Photo of the day

Love this series of images from Svalbard.  The light really is something else.

When Wu visited Svalbard in October, the sun moved in a shallow arc, kissing the horizon most of the day.  Reuben Wu.  

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Right-wing evangelicals are the worst

Worst person in DC?  Okay, that’s Trump.  But, damn, is Scott Pruitt a close second.  The level of malfeasance and penny-ante corruption in a single person is pretty astounding.  How the hell does he still have a job?  Margaret Talbot suggests his Evangelical Christianity may, in part, be saving him:

One reason that Pruitt has managed to hang on this long is that some of the people he seems to have most impressed include the heads of polluting industries whose support helped bring Trump to power…

But there may be another secret to Pruitt’s tenacious grip on the agency that he’s busy undermining. Like several other members of the constantly churning Trump Administration who’ve managed to hold fast—Education Secretary Betsy DeVos, Secretary of State Mike Pompeo, Attorney General Jeff Sessions, Energy Secretary Rick Perry, Housing and Urban Development Secretary Ben Carson, and Vice-President Mike Pence—Pruitt is an evangelical Christian. This group attends a weekly Bible-study session for Cabinet members led by Ralph Drollinger, a seven-feet-one-inch former college-basketball player who is the founder and president of Capitol Ministries and the author of “Rebuilding America: The Biblical Blueprint.” Drollinger recently told an interviewer for the German newspaper Welt am Sonntag that he offered his White House flock “the high-protein diet of the Word of God.” Speaking about Drollinger’s Bible study, Pruitt told Christian Broadcast Network News, in March, that “to be encouraged, to pray, to basically—each of us are dealing with large issues—and so to spend time with a friend, a colleague, a person who has a faith focus on how we do our job, whether it’s through prayer or through God’s Word, and to encourage one another in that regard is so, so important, and we have that in our Cabinet and it’s such a wonderful thing.”

And, oh, my, the stuff these guys say/believe to justify their anti-science (and I would argue, ultimately anti-Christian) take on climate change is something else.  Wow:

In an essay published on the Capitol Ministries Web site in April, Drollinger explains that accepting a human role in climate change and trying to do something about it poses a terrible moral danger: “To think that Man can alter the earth’s ecosystem—when God remains omniscient, omnipresent and omnipotent in the current affairs of mankind—is to more than subtly espouse an ultra-hubristic, secular worldview relative to the supremacy and importance of man.”

Drollinger warns that environmentalism has pretensions to replace Christianity and must be halted in its tracks: “In our lifetime there has been a radical shift in aggregate, national religious belief. In essence and unfortunately, America has been in the process of changing horses: from the religion of Christianity to one of Radical Environmentalism. We are in the process of exchanging the worship of the Creator for the worship of His creation. This is a huge and dire error, with extreme consequences, and it presages disaster.” And, when it comes to exploiting natural resources, Drollinger writes, “God is pleased when organic and inorganic substances, the lesser of creation, are utilized to benefit those uniquely created in His image.”…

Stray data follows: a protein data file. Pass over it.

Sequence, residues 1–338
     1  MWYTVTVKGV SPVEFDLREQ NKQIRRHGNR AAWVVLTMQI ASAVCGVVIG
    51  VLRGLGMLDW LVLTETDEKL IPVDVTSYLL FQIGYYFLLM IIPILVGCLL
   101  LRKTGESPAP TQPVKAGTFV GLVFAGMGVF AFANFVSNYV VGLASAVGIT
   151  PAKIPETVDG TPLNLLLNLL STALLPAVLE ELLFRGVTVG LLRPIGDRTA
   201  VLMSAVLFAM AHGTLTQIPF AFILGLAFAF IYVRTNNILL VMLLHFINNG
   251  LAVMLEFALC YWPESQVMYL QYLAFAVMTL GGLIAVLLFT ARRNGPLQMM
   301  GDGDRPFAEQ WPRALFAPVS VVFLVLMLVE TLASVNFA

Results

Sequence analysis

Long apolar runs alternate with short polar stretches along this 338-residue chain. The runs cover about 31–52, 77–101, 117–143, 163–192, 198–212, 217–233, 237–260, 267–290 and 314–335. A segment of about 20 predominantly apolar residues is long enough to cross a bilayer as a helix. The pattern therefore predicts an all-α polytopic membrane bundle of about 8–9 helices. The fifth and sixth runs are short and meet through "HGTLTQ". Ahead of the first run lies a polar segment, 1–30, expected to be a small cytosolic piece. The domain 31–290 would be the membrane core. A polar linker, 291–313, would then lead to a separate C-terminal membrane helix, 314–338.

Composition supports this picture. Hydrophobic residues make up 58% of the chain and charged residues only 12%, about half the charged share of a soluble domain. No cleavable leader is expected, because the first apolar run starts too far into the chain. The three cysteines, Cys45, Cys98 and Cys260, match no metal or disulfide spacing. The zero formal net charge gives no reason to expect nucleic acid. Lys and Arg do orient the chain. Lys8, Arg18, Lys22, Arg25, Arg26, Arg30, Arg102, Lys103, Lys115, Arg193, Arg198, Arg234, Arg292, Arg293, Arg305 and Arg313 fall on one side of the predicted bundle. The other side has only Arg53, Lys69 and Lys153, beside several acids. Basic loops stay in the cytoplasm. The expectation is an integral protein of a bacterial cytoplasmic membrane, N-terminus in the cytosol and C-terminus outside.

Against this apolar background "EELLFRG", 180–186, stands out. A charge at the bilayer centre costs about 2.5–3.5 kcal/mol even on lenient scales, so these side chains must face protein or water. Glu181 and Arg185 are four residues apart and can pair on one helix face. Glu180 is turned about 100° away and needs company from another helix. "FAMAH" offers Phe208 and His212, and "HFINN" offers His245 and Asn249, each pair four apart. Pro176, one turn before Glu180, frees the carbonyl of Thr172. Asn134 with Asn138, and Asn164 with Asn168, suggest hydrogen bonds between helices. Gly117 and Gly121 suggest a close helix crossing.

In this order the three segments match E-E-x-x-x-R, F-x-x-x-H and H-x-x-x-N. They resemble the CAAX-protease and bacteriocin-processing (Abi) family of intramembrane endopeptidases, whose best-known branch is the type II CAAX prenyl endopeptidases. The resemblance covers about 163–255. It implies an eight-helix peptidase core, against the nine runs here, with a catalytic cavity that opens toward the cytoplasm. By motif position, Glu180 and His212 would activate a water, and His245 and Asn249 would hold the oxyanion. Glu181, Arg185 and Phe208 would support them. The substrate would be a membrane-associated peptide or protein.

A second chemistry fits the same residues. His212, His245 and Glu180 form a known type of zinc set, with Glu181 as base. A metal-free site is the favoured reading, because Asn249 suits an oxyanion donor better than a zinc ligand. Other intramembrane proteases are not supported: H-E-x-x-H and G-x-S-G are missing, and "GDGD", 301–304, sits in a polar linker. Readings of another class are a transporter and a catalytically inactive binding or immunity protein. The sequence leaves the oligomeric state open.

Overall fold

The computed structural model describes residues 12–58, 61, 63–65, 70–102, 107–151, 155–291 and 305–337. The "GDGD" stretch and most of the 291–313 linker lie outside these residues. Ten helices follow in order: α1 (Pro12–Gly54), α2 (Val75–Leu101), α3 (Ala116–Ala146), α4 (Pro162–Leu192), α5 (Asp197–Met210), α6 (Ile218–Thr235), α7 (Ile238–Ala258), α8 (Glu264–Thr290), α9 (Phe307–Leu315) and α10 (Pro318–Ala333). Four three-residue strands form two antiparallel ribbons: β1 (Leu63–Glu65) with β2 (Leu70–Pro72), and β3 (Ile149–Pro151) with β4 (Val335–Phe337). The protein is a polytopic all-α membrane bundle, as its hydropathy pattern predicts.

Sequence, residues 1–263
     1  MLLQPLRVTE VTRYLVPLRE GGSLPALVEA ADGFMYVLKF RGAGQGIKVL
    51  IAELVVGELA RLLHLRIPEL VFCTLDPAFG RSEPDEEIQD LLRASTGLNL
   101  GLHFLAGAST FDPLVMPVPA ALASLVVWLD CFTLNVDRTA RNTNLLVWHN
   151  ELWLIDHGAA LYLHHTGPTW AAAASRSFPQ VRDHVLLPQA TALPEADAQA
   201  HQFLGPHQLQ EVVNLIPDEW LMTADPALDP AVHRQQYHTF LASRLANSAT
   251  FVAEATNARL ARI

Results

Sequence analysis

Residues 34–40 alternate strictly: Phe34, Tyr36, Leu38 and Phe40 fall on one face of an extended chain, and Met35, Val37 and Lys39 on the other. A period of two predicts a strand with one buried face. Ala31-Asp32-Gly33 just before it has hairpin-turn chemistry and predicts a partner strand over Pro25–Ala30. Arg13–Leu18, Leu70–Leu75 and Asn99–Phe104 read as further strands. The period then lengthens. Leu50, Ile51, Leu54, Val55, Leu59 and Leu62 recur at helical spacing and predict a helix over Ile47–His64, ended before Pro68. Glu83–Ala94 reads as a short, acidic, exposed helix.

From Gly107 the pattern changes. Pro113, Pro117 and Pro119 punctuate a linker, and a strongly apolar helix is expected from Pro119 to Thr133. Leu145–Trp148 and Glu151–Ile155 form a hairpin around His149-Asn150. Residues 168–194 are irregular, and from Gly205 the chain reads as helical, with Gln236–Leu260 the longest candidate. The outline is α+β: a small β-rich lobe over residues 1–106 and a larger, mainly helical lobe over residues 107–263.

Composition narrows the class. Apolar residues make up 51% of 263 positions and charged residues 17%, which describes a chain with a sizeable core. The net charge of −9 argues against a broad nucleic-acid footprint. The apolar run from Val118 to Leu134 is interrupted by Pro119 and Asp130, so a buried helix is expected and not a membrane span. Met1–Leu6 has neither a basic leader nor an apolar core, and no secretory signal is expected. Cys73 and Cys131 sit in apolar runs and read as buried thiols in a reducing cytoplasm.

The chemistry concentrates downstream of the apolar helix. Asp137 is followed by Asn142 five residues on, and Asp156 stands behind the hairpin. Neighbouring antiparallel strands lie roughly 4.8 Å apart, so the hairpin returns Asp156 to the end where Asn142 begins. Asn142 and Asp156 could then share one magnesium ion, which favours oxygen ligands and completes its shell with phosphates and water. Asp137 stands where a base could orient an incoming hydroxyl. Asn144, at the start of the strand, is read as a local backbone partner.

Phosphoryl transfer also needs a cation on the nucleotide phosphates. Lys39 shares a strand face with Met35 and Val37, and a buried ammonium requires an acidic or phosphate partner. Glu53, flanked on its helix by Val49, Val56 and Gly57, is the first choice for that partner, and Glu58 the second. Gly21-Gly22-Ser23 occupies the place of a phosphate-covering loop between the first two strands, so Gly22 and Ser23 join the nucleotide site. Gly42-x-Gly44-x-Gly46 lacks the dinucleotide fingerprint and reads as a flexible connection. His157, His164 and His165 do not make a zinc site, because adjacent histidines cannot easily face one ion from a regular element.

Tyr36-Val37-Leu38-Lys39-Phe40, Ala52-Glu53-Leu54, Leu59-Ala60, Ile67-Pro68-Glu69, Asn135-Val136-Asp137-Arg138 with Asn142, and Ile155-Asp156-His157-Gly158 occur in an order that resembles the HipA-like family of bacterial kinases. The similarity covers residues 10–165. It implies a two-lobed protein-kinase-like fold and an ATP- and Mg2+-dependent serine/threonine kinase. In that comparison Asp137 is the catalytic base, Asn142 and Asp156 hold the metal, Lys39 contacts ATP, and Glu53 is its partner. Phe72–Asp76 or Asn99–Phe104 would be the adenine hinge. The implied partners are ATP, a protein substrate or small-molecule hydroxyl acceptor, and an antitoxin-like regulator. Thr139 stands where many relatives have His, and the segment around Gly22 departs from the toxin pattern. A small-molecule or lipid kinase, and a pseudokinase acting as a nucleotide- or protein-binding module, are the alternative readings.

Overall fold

Pruitt echoes much of this thinking—he speaks frequently about “stewardship” and “management” of the resources that “God has blessed us with” and clearly wants us to use, and of following the “Biblical world view” on environmental matters. He has expressed doubts about the human contribution to climate change, and, throughout his career, voiced alarm that the United States was keeping religion out of the public square. What may be the scariest thing of all about Pruitt’s tenure at the E.P.A. and the damage he can do to the environment is the righteousness he surely feels in doing it.

And, just before posting this, I came across a Slate article hitting similar themes:

Environmentalism and American evangelicals are like oil and water. Joel Hunter was one of a small number of high-profile leaders who worked, over decades, to try to mix the two. The effort has yielded minimal results: Just 20 percent of committed Christians consider themselves active participants in the environmental movement—a number that has barely moved for a quarter-century and represents less than half the proportion of environmentalists in the general population. The proportion of Christians who prioritize environmental concerns over energy production has dropped by about 20 percentage points in the last 25 years. And indications are that the more ardently Christian an American becomes, the less he or she cares about the environment. Evangelicals are the least environmentally inclined of committed U.S. Christians…

But there’s something that bothers me about the simplicity and convenience of explaining this all by the transitive logic of evangelicals are RepublicansRepublicans hate environmental regulationso evangelicals hate environmental regulation. It suggests that Christians are willing to cast off their moral obligations for political convenience. Maybe that’s true. Or maybe they don’t feel a moral obligation to protect Earth in the first place.

Um, yeah, it is true.  But not political “convenience,” political identity.  And safe to say we’ve reached the point where Republican political identity clearly trumps pretty much anything Jesus ever had to say.

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